Fight to the death

go! - - Upfront Letters -

QHENNIE VAN DEVENTER from Melk­bosstrand writes: I saw these im­palas near Satara in the Kruger Park – the one was dead. The ram care­fully ap­proached the body, sniffed and licked it, then took a step back to see what would hap­pen. He re­peated the process and even tried to rouse the dead im­pala by jump­ing on it. Why did he do this?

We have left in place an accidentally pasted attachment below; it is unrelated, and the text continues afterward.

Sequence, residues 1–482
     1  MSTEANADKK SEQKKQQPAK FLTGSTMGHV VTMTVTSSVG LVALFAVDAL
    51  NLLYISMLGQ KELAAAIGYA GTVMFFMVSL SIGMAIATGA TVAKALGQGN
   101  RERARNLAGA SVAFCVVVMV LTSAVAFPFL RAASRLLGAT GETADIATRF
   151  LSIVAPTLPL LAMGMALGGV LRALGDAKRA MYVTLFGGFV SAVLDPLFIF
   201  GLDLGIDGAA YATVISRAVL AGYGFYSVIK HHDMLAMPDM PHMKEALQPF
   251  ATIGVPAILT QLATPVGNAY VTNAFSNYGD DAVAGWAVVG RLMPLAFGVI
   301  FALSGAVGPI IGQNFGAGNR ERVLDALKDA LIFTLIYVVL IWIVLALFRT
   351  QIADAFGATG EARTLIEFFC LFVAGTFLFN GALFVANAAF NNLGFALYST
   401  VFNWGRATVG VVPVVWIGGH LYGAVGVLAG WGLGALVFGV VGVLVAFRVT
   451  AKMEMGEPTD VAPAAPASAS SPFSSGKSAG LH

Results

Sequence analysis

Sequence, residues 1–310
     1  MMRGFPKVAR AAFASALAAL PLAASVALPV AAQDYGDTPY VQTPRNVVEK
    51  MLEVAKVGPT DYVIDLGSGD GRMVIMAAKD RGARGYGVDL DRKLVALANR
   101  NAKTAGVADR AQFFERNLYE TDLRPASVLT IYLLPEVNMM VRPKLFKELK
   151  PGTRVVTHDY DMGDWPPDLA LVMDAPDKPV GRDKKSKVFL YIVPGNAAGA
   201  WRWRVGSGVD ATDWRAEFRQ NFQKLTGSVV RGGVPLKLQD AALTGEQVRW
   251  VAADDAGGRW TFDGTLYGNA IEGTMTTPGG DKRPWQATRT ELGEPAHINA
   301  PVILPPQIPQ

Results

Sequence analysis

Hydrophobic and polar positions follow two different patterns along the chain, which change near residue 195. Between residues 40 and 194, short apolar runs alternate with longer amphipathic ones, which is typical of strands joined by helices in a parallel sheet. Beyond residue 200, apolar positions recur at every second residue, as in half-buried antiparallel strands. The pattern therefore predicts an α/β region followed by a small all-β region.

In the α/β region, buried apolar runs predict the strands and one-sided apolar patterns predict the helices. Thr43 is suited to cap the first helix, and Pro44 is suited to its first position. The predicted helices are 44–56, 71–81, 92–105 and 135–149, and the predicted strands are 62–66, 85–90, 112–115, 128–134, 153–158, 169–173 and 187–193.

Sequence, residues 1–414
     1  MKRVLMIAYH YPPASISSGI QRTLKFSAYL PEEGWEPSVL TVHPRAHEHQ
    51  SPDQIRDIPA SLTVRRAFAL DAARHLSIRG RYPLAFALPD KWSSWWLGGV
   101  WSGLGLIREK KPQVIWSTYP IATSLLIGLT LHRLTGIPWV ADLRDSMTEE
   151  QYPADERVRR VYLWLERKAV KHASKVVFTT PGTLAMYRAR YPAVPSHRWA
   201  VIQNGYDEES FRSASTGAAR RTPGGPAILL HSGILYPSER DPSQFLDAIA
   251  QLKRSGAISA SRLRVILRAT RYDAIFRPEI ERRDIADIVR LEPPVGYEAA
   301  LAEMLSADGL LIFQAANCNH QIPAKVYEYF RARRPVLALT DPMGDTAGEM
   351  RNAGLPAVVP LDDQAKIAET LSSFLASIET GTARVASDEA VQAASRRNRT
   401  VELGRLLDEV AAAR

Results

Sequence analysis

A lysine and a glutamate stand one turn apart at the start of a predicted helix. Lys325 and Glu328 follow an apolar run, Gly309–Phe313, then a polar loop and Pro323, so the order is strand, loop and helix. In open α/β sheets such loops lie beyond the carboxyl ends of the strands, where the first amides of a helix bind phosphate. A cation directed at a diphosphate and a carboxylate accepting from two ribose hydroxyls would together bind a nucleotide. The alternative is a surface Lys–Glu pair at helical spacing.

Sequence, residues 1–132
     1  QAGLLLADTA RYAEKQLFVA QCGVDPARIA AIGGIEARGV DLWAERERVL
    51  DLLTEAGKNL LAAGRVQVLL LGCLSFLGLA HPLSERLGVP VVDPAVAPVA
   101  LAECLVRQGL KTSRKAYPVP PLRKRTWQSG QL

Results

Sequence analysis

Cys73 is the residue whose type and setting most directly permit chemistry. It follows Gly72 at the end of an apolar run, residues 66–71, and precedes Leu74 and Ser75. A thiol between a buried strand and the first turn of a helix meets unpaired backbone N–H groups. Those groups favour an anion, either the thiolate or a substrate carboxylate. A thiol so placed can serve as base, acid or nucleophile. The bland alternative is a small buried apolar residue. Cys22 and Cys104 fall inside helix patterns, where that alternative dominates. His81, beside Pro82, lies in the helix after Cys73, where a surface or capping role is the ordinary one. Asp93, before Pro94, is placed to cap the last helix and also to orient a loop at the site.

AWildlife ex­pert LD VAN ES­SEN says: I sus­pect the two rams had been fight­ing ear­lier. In May and June, im­pala rams bat­tle it out over ter­ri­tory and ewes. The fact that the liv­ing ram jumped on the dead one and nudged it with its head points to ag­gres­sion – some­thing the ram’s body lan­guage in the photo also sug­gests. It’s not a com­mon oc­cur­rence, but an­te­lope can se­ri­ously wound and even kill each other dur­ing a fight. If the tip of a ram’s horn nicks an artery of its en­emy, the wounded an­te­lope will bleed to death. The win­ner usu­ally chases the loser and stabs it in the sides with its horns, which can also be fa­tal. Nor­mally the loser man­ages to run away, but in this case it seems to have suc­cumbed to its in­juries and the other ram kept attacking.

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